# Does voltage depend on distance?

I just wanted to know if voltage increases or decrease as u move charges away from each other. My understanding of voltage is very basic. From what i know, I see voltage/electric potential as something that increases as pull two unlike charges apart or as you squish two like charges next to each other ( so distance is decreased). So with this being said, does the length of wires in a circuit mainly determine what voltage a battery had? Please help!! I feel like i am confusing so many different concepts.

Voltage can be a bit tricky. Sometimes it's easier to split it up into two concepts, one for electrostatics and one for the dynamics we see when circuits are involved. In reality, it's just one thing, but it can be easy to understand how it behaves in the two extreme cases first and then begin the process of tying those explanations together.

The first half of your question deals with electrostatics, because you're talking about charges that aren't moving much on their own. Take, for example, the famous case of rubbing a balloon with wool, which transfers electrons from the wool to the balloon. After the balloon is charged, you can move it closer or further from the wool manually, but because the balloon and the air are both good insulators, the electrons really can't move much on their own. In electrostatics, we are interested in these cases, while the dynamics of electricity is interested in the cases with wires where the electrons can move at a good fraction of the speed of light!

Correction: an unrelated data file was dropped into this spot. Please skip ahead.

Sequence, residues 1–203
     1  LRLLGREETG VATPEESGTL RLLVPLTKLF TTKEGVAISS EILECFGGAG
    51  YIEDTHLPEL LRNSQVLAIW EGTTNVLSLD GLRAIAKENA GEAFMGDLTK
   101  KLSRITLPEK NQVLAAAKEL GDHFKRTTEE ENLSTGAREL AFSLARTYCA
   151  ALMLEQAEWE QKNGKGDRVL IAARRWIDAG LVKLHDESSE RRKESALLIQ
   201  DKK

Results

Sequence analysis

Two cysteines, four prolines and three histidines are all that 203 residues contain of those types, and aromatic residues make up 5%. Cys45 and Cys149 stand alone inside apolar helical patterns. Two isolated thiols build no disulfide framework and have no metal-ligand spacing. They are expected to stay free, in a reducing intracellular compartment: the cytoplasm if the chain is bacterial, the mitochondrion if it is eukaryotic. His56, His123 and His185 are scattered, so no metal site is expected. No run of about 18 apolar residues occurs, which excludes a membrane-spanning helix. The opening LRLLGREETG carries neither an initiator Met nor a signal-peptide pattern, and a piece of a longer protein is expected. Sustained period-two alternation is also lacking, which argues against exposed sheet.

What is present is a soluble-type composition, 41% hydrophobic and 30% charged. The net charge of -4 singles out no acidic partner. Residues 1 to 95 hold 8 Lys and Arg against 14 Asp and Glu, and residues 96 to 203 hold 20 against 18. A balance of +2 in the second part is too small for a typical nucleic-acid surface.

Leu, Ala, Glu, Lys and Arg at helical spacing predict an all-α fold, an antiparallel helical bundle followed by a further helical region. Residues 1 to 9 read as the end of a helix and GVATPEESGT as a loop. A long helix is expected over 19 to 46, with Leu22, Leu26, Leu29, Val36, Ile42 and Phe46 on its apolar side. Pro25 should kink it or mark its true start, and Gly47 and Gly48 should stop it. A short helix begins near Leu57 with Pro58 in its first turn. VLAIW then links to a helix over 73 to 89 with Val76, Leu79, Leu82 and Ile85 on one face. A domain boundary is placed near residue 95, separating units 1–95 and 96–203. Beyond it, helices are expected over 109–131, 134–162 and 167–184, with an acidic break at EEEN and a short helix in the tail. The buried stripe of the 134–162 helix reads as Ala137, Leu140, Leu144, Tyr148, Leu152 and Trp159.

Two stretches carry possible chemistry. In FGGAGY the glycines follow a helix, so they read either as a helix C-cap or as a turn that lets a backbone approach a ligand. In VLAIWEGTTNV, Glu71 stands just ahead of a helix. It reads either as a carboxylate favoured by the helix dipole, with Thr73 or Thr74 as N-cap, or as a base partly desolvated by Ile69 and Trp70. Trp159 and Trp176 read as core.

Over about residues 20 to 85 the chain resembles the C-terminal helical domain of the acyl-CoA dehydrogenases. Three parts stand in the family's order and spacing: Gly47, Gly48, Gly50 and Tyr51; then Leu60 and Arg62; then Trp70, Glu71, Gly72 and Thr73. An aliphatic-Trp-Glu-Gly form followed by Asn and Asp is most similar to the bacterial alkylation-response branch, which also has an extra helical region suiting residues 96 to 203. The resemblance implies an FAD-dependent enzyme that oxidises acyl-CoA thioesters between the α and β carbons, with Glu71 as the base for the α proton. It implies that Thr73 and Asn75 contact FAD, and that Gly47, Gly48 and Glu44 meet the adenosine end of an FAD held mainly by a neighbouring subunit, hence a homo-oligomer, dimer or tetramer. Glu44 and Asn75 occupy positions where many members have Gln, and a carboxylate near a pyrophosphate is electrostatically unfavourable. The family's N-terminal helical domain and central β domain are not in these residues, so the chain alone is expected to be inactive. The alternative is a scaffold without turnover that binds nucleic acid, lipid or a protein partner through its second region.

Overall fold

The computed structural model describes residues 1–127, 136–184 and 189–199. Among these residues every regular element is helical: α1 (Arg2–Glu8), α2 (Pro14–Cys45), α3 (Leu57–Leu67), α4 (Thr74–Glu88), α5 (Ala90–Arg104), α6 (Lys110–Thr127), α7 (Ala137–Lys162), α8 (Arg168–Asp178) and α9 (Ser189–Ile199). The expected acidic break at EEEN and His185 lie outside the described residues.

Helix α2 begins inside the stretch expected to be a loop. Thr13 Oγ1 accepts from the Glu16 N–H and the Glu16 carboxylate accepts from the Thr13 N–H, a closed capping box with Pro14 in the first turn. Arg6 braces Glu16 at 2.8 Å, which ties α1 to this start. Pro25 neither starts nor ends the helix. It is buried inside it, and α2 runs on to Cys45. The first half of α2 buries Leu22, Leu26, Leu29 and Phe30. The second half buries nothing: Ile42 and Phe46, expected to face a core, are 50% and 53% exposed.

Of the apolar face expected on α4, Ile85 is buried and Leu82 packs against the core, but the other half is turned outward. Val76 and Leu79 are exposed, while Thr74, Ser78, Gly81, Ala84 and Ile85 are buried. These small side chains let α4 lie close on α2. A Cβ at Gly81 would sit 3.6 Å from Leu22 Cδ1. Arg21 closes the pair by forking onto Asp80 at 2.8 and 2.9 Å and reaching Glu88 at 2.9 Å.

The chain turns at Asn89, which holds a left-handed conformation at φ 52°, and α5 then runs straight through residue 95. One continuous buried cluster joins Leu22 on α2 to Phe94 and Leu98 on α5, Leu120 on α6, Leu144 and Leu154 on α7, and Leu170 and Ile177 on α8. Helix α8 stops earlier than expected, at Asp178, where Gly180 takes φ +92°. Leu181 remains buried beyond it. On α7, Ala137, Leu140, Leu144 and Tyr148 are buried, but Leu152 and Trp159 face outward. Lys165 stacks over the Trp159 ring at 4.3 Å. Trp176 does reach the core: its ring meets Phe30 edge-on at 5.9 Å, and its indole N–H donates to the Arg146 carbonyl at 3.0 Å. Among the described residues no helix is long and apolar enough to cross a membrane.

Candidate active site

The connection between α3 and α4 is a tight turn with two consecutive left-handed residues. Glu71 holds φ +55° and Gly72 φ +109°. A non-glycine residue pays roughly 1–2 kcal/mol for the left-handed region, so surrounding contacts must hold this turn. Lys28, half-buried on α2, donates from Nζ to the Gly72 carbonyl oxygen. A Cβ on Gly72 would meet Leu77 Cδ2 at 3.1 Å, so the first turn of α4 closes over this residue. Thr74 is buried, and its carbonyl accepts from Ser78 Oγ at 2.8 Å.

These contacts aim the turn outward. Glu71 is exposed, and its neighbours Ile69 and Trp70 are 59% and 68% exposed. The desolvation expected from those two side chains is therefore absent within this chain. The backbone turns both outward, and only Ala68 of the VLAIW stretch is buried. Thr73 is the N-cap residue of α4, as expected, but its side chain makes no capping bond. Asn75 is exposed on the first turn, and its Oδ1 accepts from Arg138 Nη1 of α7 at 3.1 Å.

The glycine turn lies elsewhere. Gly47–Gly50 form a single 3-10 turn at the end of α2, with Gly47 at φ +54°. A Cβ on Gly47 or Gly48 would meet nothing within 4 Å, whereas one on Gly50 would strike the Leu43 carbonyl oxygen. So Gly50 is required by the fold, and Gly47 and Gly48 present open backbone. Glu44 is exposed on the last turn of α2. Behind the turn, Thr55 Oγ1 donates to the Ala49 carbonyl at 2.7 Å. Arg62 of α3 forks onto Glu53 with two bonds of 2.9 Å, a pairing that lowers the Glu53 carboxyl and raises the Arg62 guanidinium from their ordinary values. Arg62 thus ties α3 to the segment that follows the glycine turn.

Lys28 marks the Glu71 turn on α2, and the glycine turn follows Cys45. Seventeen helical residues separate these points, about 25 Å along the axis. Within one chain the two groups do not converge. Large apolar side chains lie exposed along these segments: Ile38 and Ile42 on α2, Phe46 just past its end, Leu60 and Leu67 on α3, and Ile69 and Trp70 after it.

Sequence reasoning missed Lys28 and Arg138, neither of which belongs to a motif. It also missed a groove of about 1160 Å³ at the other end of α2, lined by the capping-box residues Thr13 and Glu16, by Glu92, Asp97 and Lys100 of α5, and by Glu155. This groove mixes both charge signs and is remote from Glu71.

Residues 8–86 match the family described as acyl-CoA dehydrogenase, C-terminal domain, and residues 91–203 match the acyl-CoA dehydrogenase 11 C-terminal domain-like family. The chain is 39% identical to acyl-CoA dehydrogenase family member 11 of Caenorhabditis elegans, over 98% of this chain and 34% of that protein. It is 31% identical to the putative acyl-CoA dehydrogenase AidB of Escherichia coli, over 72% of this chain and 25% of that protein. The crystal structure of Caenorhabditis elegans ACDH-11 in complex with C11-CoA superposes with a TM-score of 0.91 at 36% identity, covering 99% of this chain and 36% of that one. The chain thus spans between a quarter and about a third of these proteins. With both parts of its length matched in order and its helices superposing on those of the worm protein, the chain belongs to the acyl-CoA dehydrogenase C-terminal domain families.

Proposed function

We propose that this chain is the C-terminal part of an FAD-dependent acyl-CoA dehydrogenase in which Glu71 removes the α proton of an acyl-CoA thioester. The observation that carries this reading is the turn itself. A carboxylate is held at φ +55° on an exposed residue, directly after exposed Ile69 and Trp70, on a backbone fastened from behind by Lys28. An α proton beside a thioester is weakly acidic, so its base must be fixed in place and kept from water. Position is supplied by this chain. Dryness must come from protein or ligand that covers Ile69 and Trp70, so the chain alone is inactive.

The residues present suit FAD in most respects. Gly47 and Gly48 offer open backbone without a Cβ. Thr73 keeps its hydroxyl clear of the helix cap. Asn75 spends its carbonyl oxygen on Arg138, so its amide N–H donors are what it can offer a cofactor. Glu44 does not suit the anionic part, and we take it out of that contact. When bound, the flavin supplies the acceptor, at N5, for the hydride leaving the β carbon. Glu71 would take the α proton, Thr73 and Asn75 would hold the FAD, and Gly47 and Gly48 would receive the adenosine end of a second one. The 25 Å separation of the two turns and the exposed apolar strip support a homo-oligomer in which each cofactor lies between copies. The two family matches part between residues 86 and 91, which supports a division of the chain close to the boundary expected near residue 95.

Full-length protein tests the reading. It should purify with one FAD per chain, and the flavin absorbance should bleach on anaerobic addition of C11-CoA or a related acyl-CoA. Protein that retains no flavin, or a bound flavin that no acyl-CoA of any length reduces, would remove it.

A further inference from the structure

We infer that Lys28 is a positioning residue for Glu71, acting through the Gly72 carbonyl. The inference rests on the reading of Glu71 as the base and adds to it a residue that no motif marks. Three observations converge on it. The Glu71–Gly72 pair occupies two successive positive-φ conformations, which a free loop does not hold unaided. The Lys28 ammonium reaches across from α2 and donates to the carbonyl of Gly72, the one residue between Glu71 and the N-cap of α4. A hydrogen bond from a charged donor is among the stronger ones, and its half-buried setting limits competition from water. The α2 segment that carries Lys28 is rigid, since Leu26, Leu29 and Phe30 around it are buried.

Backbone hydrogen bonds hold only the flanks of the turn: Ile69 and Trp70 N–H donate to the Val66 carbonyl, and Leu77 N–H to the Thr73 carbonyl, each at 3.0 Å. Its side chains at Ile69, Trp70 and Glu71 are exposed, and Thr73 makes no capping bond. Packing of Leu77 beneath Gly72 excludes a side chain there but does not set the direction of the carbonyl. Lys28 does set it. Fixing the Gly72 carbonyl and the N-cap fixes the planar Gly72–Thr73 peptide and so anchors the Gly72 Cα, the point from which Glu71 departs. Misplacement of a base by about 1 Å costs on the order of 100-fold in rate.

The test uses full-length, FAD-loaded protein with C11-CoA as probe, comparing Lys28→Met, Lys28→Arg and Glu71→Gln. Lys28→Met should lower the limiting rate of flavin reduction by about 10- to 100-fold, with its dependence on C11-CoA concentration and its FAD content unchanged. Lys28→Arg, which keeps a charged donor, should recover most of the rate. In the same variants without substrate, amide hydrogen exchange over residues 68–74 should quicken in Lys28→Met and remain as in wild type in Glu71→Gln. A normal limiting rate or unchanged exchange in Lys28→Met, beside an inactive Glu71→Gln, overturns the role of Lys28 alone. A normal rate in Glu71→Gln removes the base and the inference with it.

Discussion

The electric field is the field you are describing when you talk about moving charges towards each-other or moving them away. Electric fields are measured in Volts per meter. Moving a charged particle through an electric field requires work, or does work, depending on the direction of the movement and the charge of the particles. This is why, if you bring the balloon close to the wool, the wool rises up towards the balloon. The negatively charged particles of the balloon attract the positively charged particles in the wool, so the particles in the wool can do work moving towards the balloon. In this case, they do work by lifting the fibers of the wool up against the forces of gravity.

Now when we get to the dynamic situation we see with electricity, voltage behaves a bit different. You still technically have the exact same electric fields you did in electrostatics. All the laws of electromagnetism still apply. However, when it comes to conductors like wires, the shape of the electric fields are different. While it was very hard for a charge to move around on the balloon, it is very easy for a charge to move along a conductor like a copper wire. While the charges had little opportunity to jump off the balloon through the air to the wool, the charges in a wire are rather free to move from one place to another to find the lowest energy state possible.